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Have you ever experienced a situation when somebody decided not to “let out” your drivers after unloading? Yesterday, I described one such case, an assignment from a Hungarian forwarder to transport watermelons from Hungary to Poland. Today, I’ll present the second case. Both of these situations ended with a police intervention, and then with the case in court which we won. Both of these situations took place in Poland when unloading the goods in the supermarkets’ warehouses, where an uneducated manager without any knowledge of the law is a God.

The second time when I had to deal with I transported goods from Italy to the warehouse of the supermarket network – let’s call it Z – in Silesia, in the city G. Mr Warehouse Manager – a creature who confined two drivers in the company’s premises and did not allow them to use the toiletdemanded that the drivers unload the truck themselves (because, of course, he had it in his contract). Politely, yet firmly, we refused. We did not have such a provision in our contract. After unloading, it turned out that one of the pallets with nectarines was slightly distorted.

It was hard to say if one of the cardboard boxes was torn during transport or due to overload on the forklift truck of the company Z.

So, Mr Warehouse Manager demanded that the drivers “rearrange” this pallet, that means dismantle it and assemble it again to make it even. We refused because the products were not damaged during transportation: with 33 pallets in a refrigerated trailer there was no room which would make it possible to distort the pallet. Besides, Mr Warehouse Manager’s workers could rearrange the boxes as many times as he wanted. The goods were unloaded, the truck got off the ramp. If he wanted to, he could indicate in the CMR that one pallet was distorted – this is his right (just in case, a competent expert was on his way), but, other than that, he was obliged to return our documents because we were leaving.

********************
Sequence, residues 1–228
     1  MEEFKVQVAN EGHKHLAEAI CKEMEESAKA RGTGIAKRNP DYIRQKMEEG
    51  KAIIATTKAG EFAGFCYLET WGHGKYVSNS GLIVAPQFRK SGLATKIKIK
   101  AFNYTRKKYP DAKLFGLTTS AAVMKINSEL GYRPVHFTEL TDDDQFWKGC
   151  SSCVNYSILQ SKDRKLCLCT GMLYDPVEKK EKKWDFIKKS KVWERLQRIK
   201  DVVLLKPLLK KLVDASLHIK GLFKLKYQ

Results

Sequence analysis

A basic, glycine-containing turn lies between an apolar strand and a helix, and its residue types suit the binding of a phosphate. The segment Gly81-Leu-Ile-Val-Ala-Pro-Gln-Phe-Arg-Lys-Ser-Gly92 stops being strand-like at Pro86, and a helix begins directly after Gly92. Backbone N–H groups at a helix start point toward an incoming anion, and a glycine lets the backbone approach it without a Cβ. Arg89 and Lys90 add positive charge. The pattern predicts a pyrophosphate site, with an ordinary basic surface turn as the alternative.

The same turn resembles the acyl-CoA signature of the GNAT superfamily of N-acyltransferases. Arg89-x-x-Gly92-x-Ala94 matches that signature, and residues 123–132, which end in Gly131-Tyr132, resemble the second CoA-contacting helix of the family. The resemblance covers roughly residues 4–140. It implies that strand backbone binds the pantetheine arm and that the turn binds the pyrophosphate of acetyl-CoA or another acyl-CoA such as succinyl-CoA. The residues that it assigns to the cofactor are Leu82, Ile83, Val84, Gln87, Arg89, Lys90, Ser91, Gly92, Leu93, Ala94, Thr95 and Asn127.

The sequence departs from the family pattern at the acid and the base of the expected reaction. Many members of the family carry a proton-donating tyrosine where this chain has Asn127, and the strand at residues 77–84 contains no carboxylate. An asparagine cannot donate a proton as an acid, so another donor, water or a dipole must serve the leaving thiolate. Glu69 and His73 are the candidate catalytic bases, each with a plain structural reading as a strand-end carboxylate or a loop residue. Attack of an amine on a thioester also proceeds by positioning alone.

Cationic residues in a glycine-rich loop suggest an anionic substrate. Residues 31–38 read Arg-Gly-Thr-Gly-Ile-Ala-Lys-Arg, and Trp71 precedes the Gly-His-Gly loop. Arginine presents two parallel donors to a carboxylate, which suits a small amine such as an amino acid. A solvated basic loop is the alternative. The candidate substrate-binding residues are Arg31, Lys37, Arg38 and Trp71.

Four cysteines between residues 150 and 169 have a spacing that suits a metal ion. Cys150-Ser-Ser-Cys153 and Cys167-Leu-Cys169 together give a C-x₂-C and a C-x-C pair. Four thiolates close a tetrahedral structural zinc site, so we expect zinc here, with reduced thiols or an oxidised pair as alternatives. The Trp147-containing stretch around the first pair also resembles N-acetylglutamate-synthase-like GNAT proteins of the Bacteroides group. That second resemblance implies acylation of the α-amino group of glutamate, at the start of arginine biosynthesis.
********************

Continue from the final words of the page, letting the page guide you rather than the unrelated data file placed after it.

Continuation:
Obviously, Mr Warehouse Manager was not delighted with this answer at all. He said that, in his opinion, the pallet was damaged, so he refused to accept the whole load, that is 33 pallets (!?). He demanded that we park at the ramp again, so that he could load all the goods to our refrigerated truck because (it sounds familiar, doesn’t it) he had a contract with his business partner that guaranteed that we had to take the products back on his whim. Otherwise, he did not want to sign a pass, and without it the guards would not let the truck out. Of course, our explanations that we did not have anything like this in our contract and that one distorted pallet could not justify rejecting the whole transport did not work.

We checked it: the guards really did not release the truck and even the drivers on foot without a stamp and signature of Mr Warehouse Manager. So, the story repeated with only one variation: because Mr Warehouse Manager had the power to do so, he instructed the guards to deny my drivers the access to the toilet. How to treat someone like this seriously? What kind of person refuses drivers to use the toilet?